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Santander Wins Bid for Banespa

November 20, 2000

RIO DE JANEIRO, Brazil (AP) _ Spain’s Banco Santander Central Hispano snapped up resurrected state bank Banespa on Monday for a stunning $3.6 billion in a single bid that was nearly four times the government’s minimum asking price.

As the envelopes were opened, Santander’s bid prompted gasps of disbelief in the auction room at Rio de Janeiro’s stock exchange. The government had set a minimum bid of $940 million for a 76 percent stake in Banespa, which the government brought back from near financial death to become a hotly contested prize.

Brazilian banks Unibanco and Bradesco were the only other bidders for Banespa, the country’s sixth largest bank by deposits and serving the country’s richest state, Sao Paulo. But both were far surpassed by Santander, the only foreign bank left in the running after four others dropped out.

By buying Banespa, Santander vaults past Unibanco to become Brazil’s third-largest bank and consolidates its lead as the biggest foreign bank across Latin America. Santander now has 17 banks in 12 Latin American countries and a total of 22 million clients.

Spain _ already the third-largest investor in Brazil after the United States and Germany _ also increases its economic presence here.

Central Bank President Arminio Fraga told a news conference that Banespa was ``the biggest jewel in our crown.″ That it was bought by a foreign bank was ``an unequivocal demonstration of commitment to and confidence in our country,″ he said.

Santander’s Latin America director, Marciel Portela, said the bank was ``very happy″ with the price, although it dwarfed the other bids and Santander’s share prices slid more than 6 percent on Madrid’s stock exchange, falling to 10.45 euros ($8.88).

``What was surprising was the price. The idea is not to pay your best price, but one dollar more than the competition,″ said Robert Lacoursiere, Latin American bank analyst at Lehman Brothers in New York.

``Obviously, Santander’s evaluation of the strategic benefits gained from buying Banespa is much higher than ours.″ He had predicted a premium of between 25 and 30 percent.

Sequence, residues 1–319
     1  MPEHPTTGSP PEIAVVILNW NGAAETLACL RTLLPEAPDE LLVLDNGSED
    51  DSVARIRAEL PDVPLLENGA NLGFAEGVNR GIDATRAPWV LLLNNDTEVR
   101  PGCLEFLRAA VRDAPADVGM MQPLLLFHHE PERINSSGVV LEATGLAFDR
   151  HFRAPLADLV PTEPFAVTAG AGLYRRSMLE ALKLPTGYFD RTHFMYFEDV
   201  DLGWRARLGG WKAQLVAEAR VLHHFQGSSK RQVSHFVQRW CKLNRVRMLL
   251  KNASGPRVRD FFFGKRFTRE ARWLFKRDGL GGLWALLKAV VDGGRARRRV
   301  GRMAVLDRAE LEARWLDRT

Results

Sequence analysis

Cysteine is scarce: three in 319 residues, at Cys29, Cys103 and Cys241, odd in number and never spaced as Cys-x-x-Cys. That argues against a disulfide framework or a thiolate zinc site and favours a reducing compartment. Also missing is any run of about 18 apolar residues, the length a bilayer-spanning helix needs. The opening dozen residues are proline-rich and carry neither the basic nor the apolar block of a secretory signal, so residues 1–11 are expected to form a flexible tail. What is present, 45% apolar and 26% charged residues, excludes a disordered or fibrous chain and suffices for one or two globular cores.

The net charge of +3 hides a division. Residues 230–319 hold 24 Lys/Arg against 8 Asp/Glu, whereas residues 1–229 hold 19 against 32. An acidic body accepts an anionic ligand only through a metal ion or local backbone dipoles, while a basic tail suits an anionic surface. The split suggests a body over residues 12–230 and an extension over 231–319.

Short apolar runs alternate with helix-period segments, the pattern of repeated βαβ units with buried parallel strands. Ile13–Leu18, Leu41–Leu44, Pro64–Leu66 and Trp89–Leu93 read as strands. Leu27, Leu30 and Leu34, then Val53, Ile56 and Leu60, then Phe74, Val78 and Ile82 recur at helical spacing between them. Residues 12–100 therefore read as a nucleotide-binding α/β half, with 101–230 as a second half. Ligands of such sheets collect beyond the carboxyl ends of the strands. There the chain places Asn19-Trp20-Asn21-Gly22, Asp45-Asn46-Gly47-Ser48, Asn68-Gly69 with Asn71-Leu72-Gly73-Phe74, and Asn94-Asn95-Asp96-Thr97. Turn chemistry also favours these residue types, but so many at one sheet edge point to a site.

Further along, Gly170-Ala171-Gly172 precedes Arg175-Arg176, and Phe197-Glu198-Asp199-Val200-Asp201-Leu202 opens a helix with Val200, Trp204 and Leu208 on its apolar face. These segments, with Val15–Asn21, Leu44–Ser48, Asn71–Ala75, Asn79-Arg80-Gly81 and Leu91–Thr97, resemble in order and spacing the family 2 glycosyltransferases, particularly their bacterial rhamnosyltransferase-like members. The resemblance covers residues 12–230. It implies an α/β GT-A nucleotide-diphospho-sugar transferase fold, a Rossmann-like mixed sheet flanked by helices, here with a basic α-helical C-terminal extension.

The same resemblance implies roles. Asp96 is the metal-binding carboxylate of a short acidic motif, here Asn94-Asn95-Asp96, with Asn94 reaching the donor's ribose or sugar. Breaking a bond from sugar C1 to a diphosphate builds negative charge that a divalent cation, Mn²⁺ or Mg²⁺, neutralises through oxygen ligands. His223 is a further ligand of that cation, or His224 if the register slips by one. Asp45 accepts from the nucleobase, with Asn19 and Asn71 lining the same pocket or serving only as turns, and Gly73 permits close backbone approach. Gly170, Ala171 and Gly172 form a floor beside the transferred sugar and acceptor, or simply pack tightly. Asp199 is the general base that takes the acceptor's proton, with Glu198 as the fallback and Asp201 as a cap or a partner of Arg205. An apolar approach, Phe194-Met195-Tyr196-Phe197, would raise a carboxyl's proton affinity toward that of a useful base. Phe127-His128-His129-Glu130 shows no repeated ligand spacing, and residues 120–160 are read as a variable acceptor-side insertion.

The sale of Banespa, formerly the Sao Paulo state bank, was Brazil’s most controversial privatization since state telecommunications giant Telebras hit the block in 1998. Telebras went for a total of $19 billion, but it was split into 12 companies.

Banespa’s privatization has provoked strong opposition from leftist politicians, some federal prosecutors and Banespa’s 21,000 workers, who fear radical job cuts.

On Saturday, the federal supreme court overturned the latest of more than 60 injunctions brought against the sale in recent years.

Fearing violence, more than 1,500 riot police with shield and truncheons guarded the downtown bourse but barely 100 protesters showed up. In Sao Paulo, hundreds of bank employees outside the bank’s headquarters listened to the auction on portable radios. Many were crying.

Maria Campos, a Banespa employee for 22 years, said workers have a better chance of keeping their jobs under an expanding Santander than if a Brazilian giant such as Bradesco had won. ``It was the lesser of the evils,″ she said.

At the news conference, Gabriel Jaramillo, Santander’s president in Brazil, tried to allay fears of layoffs.

``Nobody buys a bank like Banespa to close things. You buy a bank like Banespa to do things,″ he said.

Until the auction, Santander was seen as also-ran that had stayed in the bidding only at the request of Brazil’s Central Bank. Last week, four foreign giants suddenly dropped out.

First to jump was the Brazilian arm of Fleet Boston Financial Corp., followed by Citibank, Banco Bilbao Vizcaya Argentaria of Spain and Britain’s HSBC.

For years, unscrupulous governors drained Banespa to near collapse, using the bank to grant millions of dollars’ worth of politically-motivated loans. In 1997, federal authorities took over the bank as part of a broad renegotiation of Sao Paulo state’s debt.

Since then, the books have been cleaned up, bad loans spirited away, the most unprofitable branches closed and some 13,000 staff cut. By the end of 1997, Banespa was back in the black. Its preferred share price, which slumped to under 3 reals at the end of 1996, has bounced back to around 64 reals ($32).

On Monday, it closed up 61.90 reals ($31), up 3 percent.

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